Yesterday was just like any other day, I was sitting in my room, scrolling through my TikTok For You page when I came across this one video from user @maevemcc2:
The TikTok took me back to three weeks ago when I was struggling with Quantum Geographic Information System (QGIS) for my information visualization assignment, in which I had to make a map visualizing a given dataset, so, sort of like the person in the video above.
So, what is the significance of this 13-second video?
First of all, never in my life had I expected myself to find such content on social media funny and relatable. Second of all, I have once come across a tweet that said something along the lines of if a TikTok made you laugh, the comment section must have had you gasping for air. Apart from the relatable comments that made me feel better about my terrible mapping skills and frustration with QGIS, most users, like myself, are fascinated by the eerily specific algorithm of TikTok. “Cannot believe I made it to GIS TikTok I regret nothing about this invasive algorithm”, said one user. “This really is the for YOU page lmao”, added another.
The For YOU page
TikTok is well-known for its eerily accurate algorithm, in fact, it is this AI-driven hyper-individualized algorithm that partly accounts for the platform’s global success. The content recommended to users on their feed called the For You page is based on their watch and re-watch history, likes, shares, comments, and post-viewing actions (Feldkamp, 2021). In “The TikTok algorithm knew my sexuality better than I did”, a writer on Repeller wrote about how her For You page brought to her attention the aspects of herself that she hadn’t appreciated enough before, and that includes queer femmes and bisexuality (McGowan, 2020). As an active TikTok user, this experience is something that I have definitely lived through. Based on just a few clicks and likes, TikTok can curate a feed that does not only represent you as a person but also illuminates those parts of your life that haven’t been fully embraced yet. For me, it’s QGIS and the assignment that I hadn’t given a single thought about after clicking that “Submit” button on Brightspace three weeks ago. While having your feed curated perfectly to your taste is an almost universal TikTok experience, what struck me as odd in this #GISTok situation is that I absolutely do not remember coming across any other video that is remotely related to geospatial analysis on the site. What exactly is going on here?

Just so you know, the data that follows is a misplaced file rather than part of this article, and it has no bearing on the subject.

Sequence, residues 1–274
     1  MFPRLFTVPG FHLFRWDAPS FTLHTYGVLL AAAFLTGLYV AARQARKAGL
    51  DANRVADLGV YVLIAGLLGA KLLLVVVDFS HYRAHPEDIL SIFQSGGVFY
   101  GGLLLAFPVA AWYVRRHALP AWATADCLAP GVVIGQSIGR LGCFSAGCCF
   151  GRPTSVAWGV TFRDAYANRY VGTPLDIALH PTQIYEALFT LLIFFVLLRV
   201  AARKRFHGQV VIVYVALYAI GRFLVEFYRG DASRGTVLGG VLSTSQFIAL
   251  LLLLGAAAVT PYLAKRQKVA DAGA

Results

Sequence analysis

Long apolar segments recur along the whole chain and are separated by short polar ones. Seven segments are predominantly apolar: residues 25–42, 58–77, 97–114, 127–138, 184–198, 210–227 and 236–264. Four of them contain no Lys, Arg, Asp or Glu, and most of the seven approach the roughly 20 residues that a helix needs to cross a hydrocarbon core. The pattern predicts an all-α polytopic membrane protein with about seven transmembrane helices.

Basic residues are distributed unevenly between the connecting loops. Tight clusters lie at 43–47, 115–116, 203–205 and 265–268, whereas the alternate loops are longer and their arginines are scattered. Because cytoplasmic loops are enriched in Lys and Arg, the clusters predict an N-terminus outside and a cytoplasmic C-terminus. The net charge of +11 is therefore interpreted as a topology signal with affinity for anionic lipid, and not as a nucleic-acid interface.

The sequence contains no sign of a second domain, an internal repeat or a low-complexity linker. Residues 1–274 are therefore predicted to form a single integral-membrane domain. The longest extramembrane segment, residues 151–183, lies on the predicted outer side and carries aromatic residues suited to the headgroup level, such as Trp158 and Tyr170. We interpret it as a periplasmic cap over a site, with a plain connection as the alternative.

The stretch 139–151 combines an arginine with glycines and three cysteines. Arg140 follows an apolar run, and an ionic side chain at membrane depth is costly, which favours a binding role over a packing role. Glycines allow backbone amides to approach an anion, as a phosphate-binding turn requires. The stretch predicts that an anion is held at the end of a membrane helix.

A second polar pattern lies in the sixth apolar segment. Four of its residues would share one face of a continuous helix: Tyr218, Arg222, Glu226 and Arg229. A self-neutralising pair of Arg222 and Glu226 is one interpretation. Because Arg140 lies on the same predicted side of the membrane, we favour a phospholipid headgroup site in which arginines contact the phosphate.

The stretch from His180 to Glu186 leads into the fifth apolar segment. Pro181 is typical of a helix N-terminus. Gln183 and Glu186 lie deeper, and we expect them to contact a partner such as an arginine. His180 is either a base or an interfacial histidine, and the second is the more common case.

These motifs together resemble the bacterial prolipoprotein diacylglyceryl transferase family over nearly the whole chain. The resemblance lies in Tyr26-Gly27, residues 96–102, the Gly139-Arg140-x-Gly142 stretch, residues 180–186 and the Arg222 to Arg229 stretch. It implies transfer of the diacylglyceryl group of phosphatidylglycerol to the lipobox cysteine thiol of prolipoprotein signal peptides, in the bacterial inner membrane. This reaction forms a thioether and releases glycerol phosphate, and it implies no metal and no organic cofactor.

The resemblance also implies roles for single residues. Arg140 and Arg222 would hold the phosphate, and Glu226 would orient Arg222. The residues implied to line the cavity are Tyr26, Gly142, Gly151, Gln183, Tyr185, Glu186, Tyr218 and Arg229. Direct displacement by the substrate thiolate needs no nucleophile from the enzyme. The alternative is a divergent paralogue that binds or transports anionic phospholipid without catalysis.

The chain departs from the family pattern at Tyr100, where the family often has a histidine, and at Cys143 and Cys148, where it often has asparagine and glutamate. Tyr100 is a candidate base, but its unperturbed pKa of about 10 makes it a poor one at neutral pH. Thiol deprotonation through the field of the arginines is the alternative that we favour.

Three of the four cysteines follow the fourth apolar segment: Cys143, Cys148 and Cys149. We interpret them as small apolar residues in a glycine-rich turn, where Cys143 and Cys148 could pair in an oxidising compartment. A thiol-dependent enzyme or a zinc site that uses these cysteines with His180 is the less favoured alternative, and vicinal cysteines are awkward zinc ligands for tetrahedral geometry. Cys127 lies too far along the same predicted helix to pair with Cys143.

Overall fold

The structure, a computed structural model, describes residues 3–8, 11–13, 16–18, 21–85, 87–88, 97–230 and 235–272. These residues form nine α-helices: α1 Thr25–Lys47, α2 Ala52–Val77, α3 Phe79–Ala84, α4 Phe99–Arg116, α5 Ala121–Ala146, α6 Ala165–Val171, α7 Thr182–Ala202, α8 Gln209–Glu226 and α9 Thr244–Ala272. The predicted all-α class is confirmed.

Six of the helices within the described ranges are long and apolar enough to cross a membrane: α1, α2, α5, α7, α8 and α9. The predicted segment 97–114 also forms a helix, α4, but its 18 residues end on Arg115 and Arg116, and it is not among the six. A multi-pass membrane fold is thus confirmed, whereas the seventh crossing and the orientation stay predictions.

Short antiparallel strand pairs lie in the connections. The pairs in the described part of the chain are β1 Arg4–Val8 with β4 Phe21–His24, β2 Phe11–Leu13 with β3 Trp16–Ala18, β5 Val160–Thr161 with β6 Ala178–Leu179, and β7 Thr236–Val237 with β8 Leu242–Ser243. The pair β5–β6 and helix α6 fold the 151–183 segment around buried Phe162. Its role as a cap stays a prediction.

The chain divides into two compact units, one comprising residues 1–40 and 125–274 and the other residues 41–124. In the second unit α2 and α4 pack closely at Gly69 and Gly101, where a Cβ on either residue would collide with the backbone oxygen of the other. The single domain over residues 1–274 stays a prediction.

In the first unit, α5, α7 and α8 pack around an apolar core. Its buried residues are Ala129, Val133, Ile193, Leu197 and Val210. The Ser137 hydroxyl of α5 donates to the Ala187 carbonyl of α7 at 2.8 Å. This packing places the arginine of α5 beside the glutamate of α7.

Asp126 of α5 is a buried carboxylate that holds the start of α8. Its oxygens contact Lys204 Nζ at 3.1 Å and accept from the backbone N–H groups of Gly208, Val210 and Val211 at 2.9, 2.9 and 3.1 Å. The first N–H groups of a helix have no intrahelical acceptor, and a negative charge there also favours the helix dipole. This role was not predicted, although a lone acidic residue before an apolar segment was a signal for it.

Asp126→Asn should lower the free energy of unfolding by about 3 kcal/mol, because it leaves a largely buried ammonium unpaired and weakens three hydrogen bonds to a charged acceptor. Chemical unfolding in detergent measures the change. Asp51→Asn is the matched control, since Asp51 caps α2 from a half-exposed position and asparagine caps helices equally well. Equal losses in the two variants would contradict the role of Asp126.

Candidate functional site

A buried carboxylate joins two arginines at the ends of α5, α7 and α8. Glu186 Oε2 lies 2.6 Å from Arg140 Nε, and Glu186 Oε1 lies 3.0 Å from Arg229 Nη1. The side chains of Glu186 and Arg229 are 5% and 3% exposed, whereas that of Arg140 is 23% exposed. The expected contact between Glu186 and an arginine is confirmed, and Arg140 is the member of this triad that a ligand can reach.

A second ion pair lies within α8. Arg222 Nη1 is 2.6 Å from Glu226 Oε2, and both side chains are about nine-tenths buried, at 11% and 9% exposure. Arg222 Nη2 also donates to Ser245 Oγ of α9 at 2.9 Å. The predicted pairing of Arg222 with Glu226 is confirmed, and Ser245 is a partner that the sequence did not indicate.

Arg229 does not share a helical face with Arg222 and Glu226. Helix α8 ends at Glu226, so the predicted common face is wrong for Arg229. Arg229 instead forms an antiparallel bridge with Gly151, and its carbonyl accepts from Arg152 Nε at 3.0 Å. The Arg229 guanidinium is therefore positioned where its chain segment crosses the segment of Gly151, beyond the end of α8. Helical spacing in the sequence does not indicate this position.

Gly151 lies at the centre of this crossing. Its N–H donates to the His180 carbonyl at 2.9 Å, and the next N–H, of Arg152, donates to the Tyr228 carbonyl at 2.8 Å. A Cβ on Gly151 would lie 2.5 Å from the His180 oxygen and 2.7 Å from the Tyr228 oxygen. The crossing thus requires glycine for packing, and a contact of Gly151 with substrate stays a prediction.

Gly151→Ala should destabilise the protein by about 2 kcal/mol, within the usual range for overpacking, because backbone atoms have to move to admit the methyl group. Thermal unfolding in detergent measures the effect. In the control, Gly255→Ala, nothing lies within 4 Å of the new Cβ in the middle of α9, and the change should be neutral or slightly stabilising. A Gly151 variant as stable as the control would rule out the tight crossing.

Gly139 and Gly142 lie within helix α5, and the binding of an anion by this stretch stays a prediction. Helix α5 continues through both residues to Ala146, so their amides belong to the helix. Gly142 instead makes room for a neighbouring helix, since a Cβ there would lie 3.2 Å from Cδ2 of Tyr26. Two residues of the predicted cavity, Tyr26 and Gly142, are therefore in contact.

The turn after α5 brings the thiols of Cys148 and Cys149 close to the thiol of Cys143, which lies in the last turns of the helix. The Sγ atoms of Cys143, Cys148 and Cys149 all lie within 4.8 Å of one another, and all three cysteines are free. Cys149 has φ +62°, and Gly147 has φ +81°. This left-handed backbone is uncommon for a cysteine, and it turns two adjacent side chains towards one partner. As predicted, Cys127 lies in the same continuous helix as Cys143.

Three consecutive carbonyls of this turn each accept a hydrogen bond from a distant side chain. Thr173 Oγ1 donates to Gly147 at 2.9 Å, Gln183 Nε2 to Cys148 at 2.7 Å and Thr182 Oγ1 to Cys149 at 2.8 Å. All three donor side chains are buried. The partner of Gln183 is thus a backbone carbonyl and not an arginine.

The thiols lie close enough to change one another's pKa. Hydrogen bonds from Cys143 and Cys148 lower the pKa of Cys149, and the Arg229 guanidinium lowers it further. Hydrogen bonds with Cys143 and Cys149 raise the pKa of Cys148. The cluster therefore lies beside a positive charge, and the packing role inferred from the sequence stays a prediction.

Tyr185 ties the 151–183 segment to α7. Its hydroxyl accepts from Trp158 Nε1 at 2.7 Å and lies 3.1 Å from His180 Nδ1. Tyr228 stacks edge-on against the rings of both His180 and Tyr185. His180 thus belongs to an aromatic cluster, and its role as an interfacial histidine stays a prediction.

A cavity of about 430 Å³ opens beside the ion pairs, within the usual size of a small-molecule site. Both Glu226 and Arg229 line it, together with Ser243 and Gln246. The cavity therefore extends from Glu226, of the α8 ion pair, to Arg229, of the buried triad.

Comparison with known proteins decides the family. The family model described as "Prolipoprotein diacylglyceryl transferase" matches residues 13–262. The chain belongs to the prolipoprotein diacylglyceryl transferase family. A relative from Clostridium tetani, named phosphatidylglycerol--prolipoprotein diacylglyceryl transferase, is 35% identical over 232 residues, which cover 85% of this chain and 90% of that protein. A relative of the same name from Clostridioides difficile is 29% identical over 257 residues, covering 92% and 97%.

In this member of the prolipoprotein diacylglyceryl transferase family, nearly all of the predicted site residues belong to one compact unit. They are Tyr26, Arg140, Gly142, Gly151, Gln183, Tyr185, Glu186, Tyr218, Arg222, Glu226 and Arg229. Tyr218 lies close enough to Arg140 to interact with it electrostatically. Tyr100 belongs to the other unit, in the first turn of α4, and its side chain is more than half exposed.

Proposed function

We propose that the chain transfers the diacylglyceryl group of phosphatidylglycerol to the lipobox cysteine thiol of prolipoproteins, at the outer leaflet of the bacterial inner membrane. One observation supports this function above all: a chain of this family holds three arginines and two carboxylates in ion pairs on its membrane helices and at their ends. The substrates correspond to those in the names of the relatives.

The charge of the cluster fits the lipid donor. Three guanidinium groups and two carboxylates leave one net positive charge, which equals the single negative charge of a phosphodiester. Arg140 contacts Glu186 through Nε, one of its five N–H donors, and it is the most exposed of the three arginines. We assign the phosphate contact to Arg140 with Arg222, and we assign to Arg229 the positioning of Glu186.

Privacy in the digital age: A losing battle
The way TikTok seems to know its users so well, while fascinating, raises concerns about the issue of digital privacy. First of all, TikTok’s data collection might even stretch beyond the boundaries of the platform. To log into TikTok, apart from using phone/email, users have the option of doing it via their Facebook, Apple, Gmail, or Twitter accounts. And on the platform, a lot of users have their Instagram or Twitter connected on their profiles. Thus, there are many ways for TikTok to gain some insights into our inner lives.
“The file recorded all my actions in the app and time-stamped them. It also knew my device type and screen resolution, telephone operator, operating system, IP address, and another device identification code (different from the one I provided in my request.(Coluccini, 2021)
TikTok is fun, but at what costs?
A “chance” encounter with GIS on TikTok has brought me to a reflection on its intrusive algorithm. The never-ending issue of digital privacy has driven many of us into some kind of learned helplessness: Agreeing to all terms of conditions, accepting all cookies, and basically ignoring all the red flags flying around not only TikTok but also other social media platforms.
Coluccini, R. (January 21, 2021). TikTok is Watching You – Even If You Don’t Have an Account. https://www.vice.com/en/article/jgqbmk/tiktok-data-collection
Feldkamp, J. The Rise of TikTok: The Evolution of a Social Media Platform During COVID-19. In Digital Responses to Covid-19: Digital Innovation, Transformation, and Entrepreneurship During Pandemic Outbreaks. Springer. https://doi.org/10.1007/978-3-030-66611-8
MacGowan, A. (2020). The TikTok Algorithm Knew My Sexuality Better than I Did. Repeller. https://repeller.com/tiktok-algorithm-bisexual/